A new Western Invasive Species Council launched by the Western Governors’ Association launched last week launched last week will enhance coordination and communication regarding invasive species management across the western United States
Earlier this year, the WGA, which is made up of 22 states and three U.S. territories, adopted a policy resolution on biosecurity and invasive species management recognizing “the need to develop a more aggressive and cohesive strategy for invasive species management that includes prevention, monitoring, control and eradication.”
The new council, made of up representatives from 16 states and the Commonwealth of the Northern Mariana Islands, will enhance coordination between existing state invasive species councils, improve communication and collaboration on regional biosecurity and invasive species control efforts and advocate for regional needs at the federal level.
“So much of the Western economies are based on agriculture and natural resources, and the environment is one of the reasons people live here,” said Justin Bush, the chairman of the new council and executive coordinator of the Washington Invasive Species Council, according to reporting from the Associated Press. “Invasive species pose a direct threat to that.”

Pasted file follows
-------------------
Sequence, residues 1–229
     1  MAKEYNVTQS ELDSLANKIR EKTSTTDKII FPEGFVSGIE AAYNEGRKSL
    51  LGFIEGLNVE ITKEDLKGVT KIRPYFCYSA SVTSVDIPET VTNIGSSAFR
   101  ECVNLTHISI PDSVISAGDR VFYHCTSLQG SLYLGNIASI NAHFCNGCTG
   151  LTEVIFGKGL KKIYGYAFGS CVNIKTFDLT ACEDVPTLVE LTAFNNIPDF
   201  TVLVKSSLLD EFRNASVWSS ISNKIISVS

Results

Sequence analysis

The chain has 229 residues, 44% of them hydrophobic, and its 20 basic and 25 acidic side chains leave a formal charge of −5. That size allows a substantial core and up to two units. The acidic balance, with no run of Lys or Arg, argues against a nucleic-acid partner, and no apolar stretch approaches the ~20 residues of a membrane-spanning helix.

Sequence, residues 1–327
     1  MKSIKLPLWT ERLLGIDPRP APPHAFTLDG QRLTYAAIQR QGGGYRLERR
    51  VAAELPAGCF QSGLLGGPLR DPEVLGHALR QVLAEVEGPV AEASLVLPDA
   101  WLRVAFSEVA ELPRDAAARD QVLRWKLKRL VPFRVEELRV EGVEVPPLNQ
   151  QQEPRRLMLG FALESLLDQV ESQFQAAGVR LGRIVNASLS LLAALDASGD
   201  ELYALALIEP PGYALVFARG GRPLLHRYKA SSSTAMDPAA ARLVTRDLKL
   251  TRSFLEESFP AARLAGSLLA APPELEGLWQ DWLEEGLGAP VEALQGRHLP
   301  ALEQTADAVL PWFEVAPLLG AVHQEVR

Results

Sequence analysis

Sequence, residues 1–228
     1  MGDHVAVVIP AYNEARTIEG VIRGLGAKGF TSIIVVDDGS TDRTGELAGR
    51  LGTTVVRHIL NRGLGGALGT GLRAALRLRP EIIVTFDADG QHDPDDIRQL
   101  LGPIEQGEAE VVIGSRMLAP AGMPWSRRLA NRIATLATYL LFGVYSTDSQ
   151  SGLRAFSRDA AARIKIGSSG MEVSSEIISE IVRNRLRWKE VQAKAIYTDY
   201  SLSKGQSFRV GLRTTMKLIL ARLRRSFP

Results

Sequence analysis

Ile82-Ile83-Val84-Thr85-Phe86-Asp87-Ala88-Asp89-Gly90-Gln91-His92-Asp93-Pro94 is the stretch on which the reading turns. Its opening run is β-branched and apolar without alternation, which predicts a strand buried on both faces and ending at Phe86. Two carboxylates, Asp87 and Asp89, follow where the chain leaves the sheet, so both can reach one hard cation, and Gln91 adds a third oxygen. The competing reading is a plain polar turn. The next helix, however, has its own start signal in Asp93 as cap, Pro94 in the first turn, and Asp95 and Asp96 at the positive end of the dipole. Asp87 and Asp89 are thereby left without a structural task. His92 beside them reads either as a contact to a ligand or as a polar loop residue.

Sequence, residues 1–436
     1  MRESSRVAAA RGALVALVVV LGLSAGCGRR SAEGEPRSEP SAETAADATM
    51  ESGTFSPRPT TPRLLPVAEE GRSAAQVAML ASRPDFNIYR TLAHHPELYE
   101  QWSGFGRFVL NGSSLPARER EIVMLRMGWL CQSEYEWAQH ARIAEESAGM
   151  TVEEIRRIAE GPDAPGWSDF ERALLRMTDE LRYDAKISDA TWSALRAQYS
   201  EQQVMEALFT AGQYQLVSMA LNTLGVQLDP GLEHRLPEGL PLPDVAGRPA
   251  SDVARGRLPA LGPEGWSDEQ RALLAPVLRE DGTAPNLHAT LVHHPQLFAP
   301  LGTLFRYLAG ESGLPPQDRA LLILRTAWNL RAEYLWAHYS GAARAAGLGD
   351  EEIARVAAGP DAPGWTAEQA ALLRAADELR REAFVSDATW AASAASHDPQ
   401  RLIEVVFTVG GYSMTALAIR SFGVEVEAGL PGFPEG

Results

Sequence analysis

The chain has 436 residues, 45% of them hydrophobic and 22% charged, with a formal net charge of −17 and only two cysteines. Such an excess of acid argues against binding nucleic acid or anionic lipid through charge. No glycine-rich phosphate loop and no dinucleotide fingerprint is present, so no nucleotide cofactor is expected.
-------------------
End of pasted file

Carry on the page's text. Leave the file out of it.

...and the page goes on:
The new council will meet for the first time in April.
Invasive species have also garnered attention on Capitol Hill in the past year. In February, the Senate Environment and Public Works Committee held a hearing examining the effects of invasive species on wildlife, public health and infrastructure. Last month, the House Agriculture Committee examined the impact that invasive species have on American agriculture.
Despite the congressional interest, adequate funding for the management and eradication of invasive species is still lacking. In June, The Wildlife Society joined with partners from the National Environmental Coalition on Invasive Species to request that Senate appropriators reject the administration’s proposal to dramatically reduce funding for the National Invasive Species Council. That proposal would have cut appropriations for the program from $1.2 million in Fiscal Year 2019 to $600,000 in FY 2020.
Read TWS’ Position Statement on Invasive and Feral Species.
|Laura Bies is a government relations contractor and freelance writer for The Wildlife Society. She has a B.S. in Environmental Science and a law degree from George Washington University. Laura has worked with The Wildlife Society since 2005. Read more of Laura's articles.|
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